Chromium Lab Report

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Slide 4: What is chromium? Well, it is a metallic chemical element with the symbol Cr and atomic number 24. The name actually comes from the word “chromos,” which is Greek for “colour.” It is steely-gray, shiny, hard, but fragile. Slide 5: As you can see, this is chromium. It is the first element that belongs in Group 6 of the periodic table of elements, namely, the transition metals. Slide 6: Now chromium can exist in six valence states, from zero to six, and the numbers represent the number of bonds the atom can make. In the environment, the most common forms are trivalent and hexavalent chromium. Chromite-III or trivalent chromium would be the one used in most mining processes, and it is the most stable of the chromium species. (picture) That is the standard form of Chromium, and as you can see it has 24 protons and 24 electrons. Slide 7: Chromium occurs in many minerals, but nearly all of it is commercially extracted from the single commercially viable ore called chromite, which is the chief source of chromium. Basically, it is the only economic ore of chromium. In addition to that,…show more content…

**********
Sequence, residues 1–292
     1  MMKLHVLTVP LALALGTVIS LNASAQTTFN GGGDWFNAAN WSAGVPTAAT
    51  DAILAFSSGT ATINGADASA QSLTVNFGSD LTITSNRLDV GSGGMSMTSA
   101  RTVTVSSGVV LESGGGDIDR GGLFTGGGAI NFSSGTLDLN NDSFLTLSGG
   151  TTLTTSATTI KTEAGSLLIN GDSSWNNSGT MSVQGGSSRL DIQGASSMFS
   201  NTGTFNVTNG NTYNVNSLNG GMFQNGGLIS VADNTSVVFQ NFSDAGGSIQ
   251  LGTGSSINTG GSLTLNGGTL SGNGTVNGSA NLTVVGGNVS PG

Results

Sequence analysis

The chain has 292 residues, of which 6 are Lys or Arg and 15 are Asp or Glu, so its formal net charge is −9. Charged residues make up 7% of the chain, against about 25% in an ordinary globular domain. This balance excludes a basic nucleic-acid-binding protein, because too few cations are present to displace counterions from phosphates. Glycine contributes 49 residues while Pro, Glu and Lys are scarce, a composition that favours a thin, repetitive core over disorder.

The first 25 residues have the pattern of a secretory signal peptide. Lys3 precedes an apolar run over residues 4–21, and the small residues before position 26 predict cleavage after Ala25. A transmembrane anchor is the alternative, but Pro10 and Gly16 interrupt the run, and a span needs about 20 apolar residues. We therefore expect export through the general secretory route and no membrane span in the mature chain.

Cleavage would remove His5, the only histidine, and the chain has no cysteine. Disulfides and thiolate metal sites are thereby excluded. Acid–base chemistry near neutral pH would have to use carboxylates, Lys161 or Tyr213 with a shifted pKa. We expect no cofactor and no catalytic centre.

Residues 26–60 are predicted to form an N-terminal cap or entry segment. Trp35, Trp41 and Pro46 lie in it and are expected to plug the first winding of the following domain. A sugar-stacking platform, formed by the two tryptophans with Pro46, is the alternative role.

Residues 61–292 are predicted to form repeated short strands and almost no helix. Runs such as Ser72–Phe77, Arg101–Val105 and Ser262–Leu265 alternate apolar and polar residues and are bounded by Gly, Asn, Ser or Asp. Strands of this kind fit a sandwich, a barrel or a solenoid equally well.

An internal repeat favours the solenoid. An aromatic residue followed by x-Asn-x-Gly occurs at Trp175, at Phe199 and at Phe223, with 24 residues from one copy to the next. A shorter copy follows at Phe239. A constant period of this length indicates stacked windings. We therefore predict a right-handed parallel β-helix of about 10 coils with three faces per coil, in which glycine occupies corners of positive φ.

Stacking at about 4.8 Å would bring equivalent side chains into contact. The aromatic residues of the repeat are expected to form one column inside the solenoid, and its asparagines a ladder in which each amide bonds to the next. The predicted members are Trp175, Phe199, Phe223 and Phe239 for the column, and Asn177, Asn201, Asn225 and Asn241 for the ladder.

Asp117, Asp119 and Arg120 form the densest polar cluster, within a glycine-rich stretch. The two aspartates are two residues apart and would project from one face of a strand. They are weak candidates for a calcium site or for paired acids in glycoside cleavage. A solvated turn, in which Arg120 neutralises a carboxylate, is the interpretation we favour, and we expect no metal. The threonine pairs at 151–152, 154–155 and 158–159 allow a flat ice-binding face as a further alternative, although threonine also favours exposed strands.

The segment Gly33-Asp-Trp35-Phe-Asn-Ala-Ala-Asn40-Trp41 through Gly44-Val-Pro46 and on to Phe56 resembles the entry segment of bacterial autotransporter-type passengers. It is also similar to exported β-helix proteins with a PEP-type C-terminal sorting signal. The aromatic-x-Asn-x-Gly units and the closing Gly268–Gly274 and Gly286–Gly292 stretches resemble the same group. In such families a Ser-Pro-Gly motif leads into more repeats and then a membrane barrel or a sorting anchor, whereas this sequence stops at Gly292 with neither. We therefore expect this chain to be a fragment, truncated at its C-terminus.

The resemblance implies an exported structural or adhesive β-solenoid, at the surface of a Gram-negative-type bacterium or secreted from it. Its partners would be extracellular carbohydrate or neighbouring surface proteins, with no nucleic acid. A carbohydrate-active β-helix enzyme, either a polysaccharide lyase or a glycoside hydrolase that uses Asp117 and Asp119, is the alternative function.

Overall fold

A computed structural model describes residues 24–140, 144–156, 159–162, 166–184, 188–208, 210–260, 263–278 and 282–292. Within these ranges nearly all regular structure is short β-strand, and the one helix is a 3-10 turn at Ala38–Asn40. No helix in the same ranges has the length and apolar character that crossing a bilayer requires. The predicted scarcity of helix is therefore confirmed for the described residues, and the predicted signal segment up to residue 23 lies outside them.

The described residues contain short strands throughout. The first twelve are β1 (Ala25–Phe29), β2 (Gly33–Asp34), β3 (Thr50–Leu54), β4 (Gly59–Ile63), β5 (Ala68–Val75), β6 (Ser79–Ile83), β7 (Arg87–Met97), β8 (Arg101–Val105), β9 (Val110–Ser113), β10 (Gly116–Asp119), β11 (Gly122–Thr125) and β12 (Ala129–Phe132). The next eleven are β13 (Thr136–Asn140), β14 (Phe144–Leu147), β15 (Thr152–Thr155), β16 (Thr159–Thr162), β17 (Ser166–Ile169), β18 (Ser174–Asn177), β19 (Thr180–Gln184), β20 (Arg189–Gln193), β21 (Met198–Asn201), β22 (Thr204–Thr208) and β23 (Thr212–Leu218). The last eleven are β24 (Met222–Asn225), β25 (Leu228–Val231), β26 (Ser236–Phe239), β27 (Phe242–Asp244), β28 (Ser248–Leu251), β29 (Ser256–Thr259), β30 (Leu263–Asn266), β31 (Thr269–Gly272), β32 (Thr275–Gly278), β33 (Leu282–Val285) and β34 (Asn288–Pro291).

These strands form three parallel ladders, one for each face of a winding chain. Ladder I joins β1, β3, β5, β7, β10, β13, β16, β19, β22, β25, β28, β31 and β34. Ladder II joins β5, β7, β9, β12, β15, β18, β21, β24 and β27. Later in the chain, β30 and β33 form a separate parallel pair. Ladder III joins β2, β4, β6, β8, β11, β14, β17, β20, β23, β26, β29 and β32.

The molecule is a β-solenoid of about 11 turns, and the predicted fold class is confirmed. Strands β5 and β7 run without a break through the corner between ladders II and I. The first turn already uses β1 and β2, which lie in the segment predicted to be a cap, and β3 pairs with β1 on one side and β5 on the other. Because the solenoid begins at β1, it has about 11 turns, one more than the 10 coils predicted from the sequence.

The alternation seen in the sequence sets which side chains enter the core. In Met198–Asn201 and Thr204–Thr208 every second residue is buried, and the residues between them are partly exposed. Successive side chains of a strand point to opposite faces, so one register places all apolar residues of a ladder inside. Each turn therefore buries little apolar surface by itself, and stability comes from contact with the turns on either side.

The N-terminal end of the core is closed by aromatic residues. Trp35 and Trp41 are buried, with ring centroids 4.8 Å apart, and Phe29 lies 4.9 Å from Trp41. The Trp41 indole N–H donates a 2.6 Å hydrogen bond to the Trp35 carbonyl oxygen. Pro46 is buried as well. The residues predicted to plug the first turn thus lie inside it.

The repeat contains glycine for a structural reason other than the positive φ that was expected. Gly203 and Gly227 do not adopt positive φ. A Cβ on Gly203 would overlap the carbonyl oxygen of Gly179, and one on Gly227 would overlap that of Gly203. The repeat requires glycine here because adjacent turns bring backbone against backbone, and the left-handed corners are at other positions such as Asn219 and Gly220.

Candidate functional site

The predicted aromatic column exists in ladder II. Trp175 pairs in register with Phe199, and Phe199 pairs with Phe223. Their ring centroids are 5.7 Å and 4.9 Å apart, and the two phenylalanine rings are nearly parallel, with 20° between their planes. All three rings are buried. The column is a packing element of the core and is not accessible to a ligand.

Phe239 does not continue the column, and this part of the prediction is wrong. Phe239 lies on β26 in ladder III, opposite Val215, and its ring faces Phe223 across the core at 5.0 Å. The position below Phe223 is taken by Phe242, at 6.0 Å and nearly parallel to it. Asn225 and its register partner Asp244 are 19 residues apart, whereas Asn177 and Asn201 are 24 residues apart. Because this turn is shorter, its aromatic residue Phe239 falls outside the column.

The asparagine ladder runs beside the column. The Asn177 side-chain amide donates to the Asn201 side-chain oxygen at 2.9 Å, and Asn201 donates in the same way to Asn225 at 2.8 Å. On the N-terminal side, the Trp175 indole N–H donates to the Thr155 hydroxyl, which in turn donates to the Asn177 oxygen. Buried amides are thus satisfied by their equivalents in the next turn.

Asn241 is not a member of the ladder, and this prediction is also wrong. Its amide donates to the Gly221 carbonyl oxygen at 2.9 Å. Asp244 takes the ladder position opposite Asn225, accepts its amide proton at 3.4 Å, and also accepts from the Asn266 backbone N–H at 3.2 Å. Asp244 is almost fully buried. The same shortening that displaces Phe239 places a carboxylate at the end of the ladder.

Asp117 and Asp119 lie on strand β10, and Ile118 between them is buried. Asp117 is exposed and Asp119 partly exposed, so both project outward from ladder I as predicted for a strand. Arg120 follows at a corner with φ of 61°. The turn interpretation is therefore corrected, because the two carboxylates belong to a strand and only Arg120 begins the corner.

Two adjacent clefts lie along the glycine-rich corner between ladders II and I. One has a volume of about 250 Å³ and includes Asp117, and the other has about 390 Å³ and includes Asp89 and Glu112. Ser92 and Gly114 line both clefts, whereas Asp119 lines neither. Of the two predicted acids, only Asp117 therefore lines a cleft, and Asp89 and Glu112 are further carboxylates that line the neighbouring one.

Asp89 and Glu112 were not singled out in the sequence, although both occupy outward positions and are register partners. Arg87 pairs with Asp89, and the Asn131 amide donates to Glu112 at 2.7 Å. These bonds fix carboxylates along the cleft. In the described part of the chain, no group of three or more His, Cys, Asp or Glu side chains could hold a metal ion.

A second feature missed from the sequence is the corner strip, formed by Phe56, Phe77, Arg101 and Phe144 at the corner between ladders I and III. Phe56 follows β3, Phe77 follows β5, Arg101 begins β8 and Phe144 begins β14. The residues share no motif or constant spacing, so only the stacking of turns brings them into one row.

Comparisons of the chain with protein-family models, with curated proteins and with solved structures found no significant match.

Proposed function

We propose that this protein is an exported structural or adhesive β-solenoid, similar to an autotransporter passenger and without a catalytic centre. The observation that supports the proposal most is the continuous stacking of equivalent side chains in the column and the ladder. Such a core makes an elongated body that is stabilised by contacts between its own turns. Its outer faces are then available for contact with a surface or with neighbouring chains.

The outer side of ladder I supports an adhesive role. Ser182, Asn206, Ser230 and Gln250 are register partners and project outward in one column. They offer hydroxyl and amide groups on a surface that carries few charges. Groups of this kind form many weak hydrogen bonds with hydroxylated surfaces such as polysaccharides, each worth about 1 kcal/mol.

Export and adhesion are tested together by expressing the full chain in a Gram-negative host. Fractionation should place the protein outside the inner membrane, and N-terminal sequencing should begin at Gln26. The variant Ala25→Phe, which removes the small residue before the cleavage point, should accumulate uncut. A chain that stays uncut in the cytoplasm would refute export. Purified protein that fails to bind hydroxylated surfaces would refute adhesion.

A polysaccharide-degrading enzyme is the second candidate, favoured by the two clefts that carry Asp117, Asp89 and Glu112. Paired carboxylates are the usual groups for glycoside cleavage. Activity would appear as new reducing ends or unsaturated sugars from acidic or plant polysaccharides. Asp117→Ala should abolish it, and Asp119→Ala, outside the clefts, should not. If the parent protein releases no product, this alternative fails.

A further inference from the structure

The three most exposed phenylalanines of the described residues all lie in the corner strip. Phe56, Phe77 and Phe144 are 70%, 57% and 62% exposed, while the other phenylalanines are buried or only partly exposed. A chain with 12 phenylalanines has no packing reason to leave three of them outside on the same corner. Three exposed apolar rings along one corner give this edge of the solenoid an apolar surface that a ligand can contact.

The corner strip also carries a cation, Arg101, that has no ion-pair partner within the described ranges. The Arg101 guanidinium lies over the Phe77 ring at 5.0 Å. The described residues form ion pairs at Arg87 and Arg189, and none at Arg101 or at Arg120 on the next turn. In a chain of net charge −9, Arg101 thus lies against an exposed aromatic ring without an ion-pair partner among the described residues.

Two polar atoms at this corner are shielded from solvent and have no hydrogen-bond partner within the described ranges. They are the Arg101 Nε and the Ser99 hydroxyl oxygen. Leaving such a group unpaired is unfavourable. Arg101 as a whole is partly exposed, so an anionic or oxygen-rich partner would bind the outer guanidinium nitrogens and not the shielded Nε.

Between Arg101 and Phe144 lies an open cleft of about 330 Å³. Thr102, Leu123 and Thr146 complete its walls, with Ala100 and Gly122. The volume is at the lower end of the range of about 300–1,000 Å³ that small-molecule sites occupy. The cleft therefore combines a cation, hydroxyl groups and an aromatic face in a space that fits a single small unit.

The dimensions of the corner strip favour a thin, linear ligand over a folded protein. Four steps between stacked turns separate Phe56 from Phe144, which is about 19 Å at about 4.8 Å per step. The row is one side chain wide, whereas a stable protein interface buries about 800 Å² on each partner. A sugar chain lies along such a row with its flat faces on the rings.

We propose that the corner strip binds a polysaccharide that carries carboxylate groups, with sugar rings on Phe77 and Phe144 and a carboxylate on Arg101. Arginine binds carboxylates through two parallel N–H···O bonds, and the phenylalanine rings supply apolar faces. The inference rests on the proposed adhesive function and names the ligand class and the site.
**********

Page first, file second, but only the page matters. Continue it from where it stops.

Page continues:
However, almost all mineral reference guides distinguish it separately from quartz. It is also a very important ornamental jewel. Many of its varieties are carved into beads and are sold as fine yet inexpensive gems. Some of its varieties are agate, chrysoprase, carnelian, tiger's eye, and jasper. Agate is the banded form of chalcedony.Chrysoprase is the apple green variety of chalcedony. Carnelian is the red to amber red translucent variety. Tiger's eye is pseudomorph of chalcedony. It's famous for its chatoyant effect, or the phenomenon to exhibit a concentrated narrow band of reflected light across the center of the mineral. Bloodstone is a dark green to greenish blue variety of chalcedony that has red or brown spots. Finally, jasper is an opaque form that is usually associated with brown, yellow, or reddish

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